S3 graphics drivers have an even muddier history than Intels. And at $300 this doesn't include a hard drive. If I absolutely needed a system in this form factor and price I'd have to go with Intel, and I'm not sure if Brazos has made it to nettops like this yet but that would be better still.
  • 2 Hide
    internetlad , May 30, 2012 7:20 PM
    "The VIA ARTiGO A1200 PC kit is an ultra slim DIY PC kit for enthusiasts who want a compact fanless system without sacrificing computing power,"

    It has a 1 GhZ (albeit dual core) Proc. . . And they claim enthusiasts aren't sacrificing anything?
  • 0 Hide
    nforce4max , May 30, 2012 7:49 PM
    I wish that AMD would buy VIA and gain some profitable product lines as well some decent engineers and IT property in the ARM market. S3 has been crap for many many years even before some here were born! AMD can turn things around in the mainstream markets pretty decently just so long they keep prices low and leave the high end to intel. VIA's add-on usb and raid controllers can make AMD a nice little slice of the market on the side.
  • 4 Hide
    Dyseman , May 30, 2012 7:50 PM
    Wish Via would just sell out to nVidia already to see what they can do with the technology.
  • -2 Hide
    burnley14 , May 30, 2012 7:51 PM
    Really like the idea for an HTPC, but it's a little too expensive for what you get.
  • -5 Hide
    gallidorn , May 30, 2012 7:58 PM
    Really??? Direct X 9????

    At a minimum they should support Direct X 10.

    This might be good for browsing the web, checking e-mail, or word processing, but forget about gaming and HD Media.
  • 4 Hide
    gallidorn , May 30, 2012 7:59 PM
    gallidornReally??? Direct X 9????At a minimum they should support Direct X 10.This might be good for browsing the web, checking e-mail, or word processing, but forget about gaming and HD Media.


    Actually, it might be good for using XBMC and you could probably game through Onlive.
  • -4 Hide
    gsacks , May 30, 2012 8:02 PM
    Same old pitiful CPU and Gfx they've been hawking for years. Lipstick on a pig. No thanks.
  • 1 Hide
    deanjo , May 30, 2012 8:02 PM
    Quote:
    The kit supports both Microsoft Windows 7 and Linux.


    Sure it is, have they every tried using their linux graphics driver? The VX900's linux driver is best described as a "steaming pile of turd".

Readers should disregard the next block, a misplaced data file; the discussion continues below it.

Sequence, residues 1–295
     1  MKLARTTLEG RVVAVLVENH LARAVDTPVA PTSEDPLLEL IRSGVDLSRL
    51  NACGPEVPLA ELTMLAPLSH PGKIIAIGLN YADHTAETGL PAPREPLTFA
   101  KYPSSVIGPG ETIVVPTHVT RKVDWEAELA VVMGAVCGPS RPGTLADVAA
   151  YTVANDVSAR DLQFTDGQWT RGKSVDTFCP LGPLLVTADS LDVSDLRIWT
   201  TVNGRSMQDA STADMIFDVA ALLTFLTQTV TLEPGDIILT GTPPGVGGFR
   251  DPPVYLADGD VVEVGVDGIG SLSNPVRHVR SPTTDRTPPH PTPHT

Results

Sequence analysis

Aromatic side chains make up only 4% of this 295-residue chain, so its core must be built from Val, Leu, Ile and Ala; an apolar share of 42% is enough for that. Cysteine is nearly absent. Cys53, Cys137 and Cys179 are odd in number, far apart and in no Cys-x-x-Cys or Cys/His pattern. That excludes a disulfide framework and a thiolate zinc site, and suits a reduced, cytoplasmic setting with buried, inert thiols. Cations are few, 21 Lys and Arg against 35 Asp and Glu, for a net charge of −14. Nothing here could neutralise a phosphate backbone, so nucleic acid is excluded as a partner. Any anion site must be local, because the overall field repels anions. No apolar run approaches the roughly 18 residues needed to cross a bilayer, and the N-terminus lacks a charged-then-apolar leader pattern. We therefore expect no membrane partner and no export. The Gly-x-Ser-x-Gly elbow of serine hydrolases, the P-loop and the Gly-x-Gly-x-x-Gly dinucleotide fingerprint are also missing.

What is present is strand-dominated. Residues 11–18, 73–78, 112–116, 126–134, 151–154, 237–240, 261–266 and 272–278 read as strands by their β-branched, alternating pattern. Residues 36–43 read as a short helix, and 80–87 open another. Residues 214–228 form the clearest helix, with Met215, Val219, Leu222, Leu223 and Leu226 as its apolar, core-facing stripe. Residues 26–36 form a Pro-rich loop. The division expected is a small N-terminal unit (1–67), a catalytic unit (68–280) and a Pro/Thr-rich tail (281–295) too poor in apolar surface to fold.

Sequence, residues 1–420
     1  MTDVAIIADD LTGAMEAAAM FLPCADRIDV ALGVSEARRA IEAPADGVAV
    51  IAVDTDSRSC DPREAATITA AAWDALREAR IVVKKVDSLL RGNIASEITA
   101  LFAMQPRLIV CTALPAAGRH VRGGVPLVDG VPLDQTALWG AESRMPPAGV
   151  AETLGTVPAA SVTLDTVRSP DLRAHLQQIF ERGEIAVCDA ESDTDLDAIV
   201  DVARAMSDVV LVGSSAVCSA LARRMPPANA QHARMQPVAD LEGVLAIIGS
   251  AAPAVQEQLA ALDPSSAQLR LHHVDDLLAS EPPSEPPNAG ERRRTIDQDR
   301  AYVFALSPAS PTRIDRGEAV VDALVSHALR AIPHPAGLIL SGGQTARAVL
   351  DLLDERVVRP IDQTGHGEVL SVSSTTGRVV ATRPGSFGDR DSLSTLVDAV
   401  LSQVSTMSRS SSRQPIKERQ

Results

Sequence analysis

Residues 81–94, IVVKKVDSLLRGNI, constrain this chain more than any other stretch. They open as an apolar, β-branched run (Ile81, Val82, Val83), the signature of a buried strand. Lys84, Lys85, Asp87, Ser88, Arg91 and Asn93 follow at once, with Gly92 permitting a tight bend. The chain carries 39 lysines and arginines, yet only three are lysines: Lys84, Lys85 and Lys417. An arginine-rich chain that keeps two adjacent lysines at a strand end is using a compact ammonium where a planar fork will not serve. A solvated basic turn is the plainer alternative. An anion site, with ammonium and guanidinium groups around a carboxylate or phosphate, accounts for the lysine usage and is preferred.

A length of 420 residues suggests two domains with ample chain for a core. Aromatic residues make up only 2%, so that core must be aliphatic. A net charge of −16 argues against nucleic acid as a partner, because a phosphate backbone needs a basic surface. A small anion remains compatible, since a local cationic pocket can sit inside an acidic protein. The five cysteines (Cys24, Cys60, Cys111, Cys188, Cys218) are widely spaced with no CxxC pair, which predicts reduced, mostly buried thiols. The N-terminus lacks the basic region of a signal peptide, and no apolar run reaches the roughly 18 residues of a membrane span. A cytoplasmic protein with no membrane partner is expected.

• 0 Hide
    southernshark , May 30, 2012 9:13 PM
    The product is overpriced.

    It is nice though to see VIA doing something. Somehow they always manage to stay in the game.
  • -1 Hide
    iam2thecrowe , May 30, 2012 9:38 PM
    the problem there is VIS's CPU's are about as fast as a 1ghz pentium III. Show some benches toms, i bet its slow.
  • -3 Hide
    waethorn , May 30, 2012 9:44 PM
    Why would anyone buy this when they can get a Foxconn barebones E-450 machine for $180US: http://www.newegg.com/Product/Product.aspx?Item=N82E16856119070&Tpk=foxconn%20e-450

    Or if you really want to stick with VIA, get a Zotac VD01 for $160US: http://www.newegg.com/Product/Product.aspx?Item=N82E16856173029

    The ONLY benefit VIA has here is that their unit is fanless. It's just not worth the expense though! Their drivers suck. DXVA on a VIA IGP is absolute CRAP! and Aero doesn't even display properly half the time. I remember trying a system with one of the VX/VH900 IGP's earlier this year and even IE9!! (a regular program on Windows 7 - nothing out of the ordinary) had weird graphics anomolies where the tab highlighting wasn't drawn properly! Yes, the UI elements! Absolutely TERRIBLE QA from VIA. If you want quality drivers, stick with AMD. The Brazos stuff is only slightly more expensive, but WORLDS better. Sorry, but that's not an exageration at all. Their stuff is a really good deal. AMD is worth the money, while VIA isn't worth the savings or the headaches.

    Mind you, VIA might not be bad if you wanted to run a "pocket server" with SBS Essentials or WHS 2011. I haven't tried it though, so I can't comment on it, although I think I'd rather try it on Zotac's VIA machine with the faster clock speed than on this 1GHz system. VIA's U4025 is faster than an Atom D525, and I've seen SBS Essentials run on one of those, supporting 5 PC desktops.
  • -2 Hide
    waethorn , May 30, 2012 9:48 PM
    nforce4maxI wish that AMD would buy VIA and gain some profitable product lines as well some decent engineers and IT property in the ARM market. S3 has been crap for many many years even before some here were born! AMD can turn things around in the mainstream markets pretty decently just so long they keep prices low and leave the high end to intel. VIA's add-on usb and raid controllers can make AMD a nice little slice of the market on the side.


    AMD is already very competitive in the mainstream market. OEM's want Fusion APU's, and AMD is certainly getting a lot of design wins. Intel can only compete in the low-end and mainstream based on their brand, not their product. They have a lot of sway in deals made to OEM's for volume purchasing and such, and AMD can't leverage marketing tactics to get more sales the way that Intel can.